Training on An Empty Stomach Is Bad For You
Contrary to popular opinion you can train on an empty stomach without fainting, losing your muscle mass or having your performance affected.
Studies have shown that training in a fasted state can provide the following benefits:
Important note: If you’re training on an empty stomach it’s advisable to take BCAA prior to working out to help prevent the breakdown of your muscle mass which can occur when training in a fasted state. (11)
All this is not to say that you must be in a fasted state to lose fat, but it does go to reassure those who;
Train early and don’t have time to eat
Don’t like to eat before training
Want to try and lose fat faster
That training on an empty stomach is not going to result in the loss of all their muscle mass and may even result in an increase in fat loss.
You Need to Have a Spotter to Lift Heavy
I’m sure this way true at some point but with the advances in self-spotting equipment such as;
Power racks with adjustable safety bars
Rubber bumper plates that can be dropped like those used in Olympic lifting.
You can now push yourself harder than before without needing a spotter. However, there are a few things to keep in mind when training heavy to ensure you avoid injury and get the most out your training;
Use a rack with pins and safety bars to catch the weight if you fail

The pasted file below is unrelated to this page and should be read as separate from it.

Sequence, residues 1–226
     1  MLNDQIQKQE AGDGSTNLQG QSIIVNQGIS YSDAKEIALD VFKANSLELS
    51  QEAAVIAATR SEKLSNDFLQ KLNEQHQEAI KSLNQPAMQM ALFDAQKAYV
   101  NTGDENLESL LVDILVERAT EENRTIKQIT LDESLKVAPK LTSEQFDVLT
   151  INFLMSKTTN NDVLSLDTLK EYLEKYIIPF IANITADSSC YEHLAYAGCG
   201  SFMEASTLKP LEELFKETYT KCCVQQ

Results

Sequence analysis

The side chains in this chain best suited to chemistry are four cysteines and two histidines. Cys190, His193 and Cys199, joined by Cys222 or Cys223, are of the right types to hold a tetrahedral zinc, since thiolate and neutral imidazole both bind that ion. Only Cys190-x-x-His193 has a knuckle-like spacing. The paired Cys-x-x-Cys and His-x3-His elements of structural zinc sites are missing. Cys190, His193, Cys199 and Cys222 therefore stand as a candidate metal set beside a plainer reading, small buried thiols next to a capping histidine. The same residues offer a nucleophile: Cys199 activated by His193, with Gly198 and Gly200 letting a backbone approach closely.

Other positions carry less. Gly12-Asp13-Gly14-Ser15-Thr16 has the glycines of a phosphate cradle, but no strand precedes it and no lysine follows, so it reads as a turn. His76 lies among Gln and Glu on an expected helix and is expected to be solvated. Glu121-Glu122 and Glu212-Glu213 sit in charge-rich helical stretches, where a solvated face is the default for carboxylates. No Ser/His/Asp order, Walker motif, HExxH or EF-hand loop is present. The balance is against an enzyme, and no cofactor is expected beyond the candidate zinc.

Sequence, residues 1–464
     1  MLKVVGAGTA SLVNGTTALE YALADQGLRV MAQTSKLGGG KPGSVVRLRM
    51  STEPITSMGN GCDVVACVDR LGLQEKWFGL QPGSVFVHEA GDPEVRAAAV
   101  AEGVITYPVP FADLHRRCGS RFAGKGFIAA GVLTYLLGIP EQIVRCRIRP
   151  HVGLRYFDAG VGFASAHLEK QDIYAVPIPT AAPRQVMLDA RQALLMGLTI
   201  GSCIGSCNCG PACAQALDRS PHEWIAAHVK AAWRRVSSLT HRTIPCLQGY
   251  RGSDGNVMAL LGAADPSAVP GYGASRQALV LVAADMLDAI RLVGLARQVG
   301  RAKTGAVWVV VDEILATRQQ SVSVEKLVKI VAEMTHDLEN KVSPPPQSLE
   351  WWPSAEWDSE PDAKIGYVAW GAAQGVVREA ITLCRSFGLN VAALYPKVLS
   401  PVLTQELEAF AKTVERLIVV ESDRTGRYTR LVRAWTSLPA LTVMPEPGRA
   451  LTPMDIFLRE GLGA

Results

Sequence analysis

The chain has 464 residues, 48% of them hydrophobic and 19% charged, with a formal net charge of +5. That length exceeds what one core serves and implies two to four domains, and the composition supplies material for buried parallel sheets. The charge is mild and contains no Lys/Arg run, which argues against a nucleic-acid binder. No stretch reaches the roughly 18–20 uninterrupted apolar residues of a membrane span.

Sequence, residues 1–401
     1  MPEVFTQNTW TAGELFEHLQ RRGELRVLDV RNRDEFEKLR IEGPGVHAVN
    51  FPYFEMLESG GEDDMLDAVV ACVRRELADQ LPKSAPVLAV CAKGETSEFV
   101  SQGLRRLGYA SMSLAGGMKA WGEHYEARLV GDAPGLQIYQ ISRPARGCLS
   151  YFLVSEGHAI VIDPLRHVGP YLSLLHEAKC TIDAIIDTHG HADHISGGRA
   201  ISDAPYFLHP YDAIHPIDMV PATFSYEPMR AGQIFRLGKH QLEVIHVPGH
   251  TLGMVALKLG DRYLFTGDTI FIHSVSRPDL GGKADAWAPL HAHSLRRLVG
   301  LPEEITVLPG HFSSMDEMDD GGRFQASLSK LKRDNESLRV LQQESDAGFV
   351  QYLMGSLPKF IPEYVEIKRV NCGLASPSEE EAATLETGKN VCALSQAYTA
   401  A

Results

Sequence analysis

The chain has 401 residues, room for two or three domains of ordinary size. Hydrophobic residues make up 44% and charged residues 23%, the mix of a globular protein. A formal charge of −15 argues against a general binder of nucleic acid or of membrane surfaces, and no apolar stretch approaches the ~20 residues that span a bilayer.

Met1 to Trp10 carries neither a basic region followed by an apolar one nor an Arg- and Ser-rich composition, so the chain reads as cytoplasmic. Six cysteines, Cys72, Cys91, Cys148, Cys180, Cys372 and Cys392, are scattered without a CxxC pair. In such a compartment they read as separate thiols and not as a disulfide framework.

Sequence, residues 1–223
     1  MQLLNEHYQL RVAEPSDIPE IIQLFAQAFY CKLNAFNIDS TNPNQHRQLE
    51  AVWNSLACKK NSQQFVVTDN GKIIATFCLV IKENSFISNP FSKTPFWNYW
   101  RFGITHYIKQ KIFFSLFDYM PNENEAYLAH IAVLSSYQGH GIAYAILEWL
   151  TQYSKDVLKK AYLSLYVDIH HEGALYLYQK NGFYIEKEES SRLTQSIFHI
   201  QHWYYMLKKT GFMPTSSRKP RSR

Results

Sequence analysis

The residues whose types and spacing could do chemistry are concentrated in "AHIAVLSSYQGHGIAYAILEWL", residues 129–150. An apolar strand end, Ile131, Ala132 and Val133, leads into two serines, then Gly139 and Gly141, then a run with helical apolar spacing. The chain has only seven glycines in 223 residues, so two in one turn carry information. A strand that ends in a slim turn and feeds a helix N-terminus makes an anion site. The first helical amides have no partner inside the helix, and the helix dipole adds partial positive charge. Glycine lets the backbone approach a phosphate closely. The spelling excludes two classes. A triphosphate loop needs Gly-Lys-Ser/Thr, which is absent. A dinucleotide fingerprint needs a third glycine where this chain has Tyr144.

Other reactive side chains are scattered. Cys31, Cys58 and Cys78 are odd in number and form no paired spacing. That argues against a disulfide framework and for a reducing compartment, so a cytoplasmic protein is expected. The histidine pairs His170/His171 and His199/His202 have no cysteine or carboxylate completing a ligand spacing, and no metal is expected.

Know your limits and don’t go to failure
Leave a rep or 2 in the tank on each set and work towards continual progression
Stop before your form breaks down to decrease the risk of injury
Whether you’re hunting for a new PB, trying to increase your strength or simply looking to test your 1 rep max you can now do this with less reliance on a spotter provided you have a safety system in place.
You Can’t Work Out If You’re Sick
If you’re like most people, then at the first sign of illness you swear of exercise until you’re feeling 100% better.
I understand it, it’s the common sense move but depending on the symptoms and severity you don’t have to pack it all in whilst you recover.
The general rule of thumb is to split the symptoms between above and below the neck.
If you wake up with a sore throat, cough, runny and/or congested nose feel free to do some low-intensity exercise like yoga or walking and see how you feel.
If your symptoms continue to improve day by day then slowly build the intensity of your exercise back up to normal as you recover.
However, if you wake up with muscle/joint pain, a fever, vomiting or diarrhea then steer clear of exercise entirely.
Monitor your symptoms and don’t return to exercise until they are cleared up.
Keep in mind these are just guidelines and if you do not feel up to exercising regardless of the severity of your symptoms then don’t force it.
Today we set some of the facts straight and learnt that;
You DON’T need supplements to achieve your goals
Soreness is NOT an indicator of an effective workout
Stretching before working out CAN negatively impact your workout
You DO NOT need to train every day to see results
You DO NOT need to confuse your muscles
You CAN train on an empty stomach
You DON’T need a spotter to lift heavy
When you CAN train if you’re sick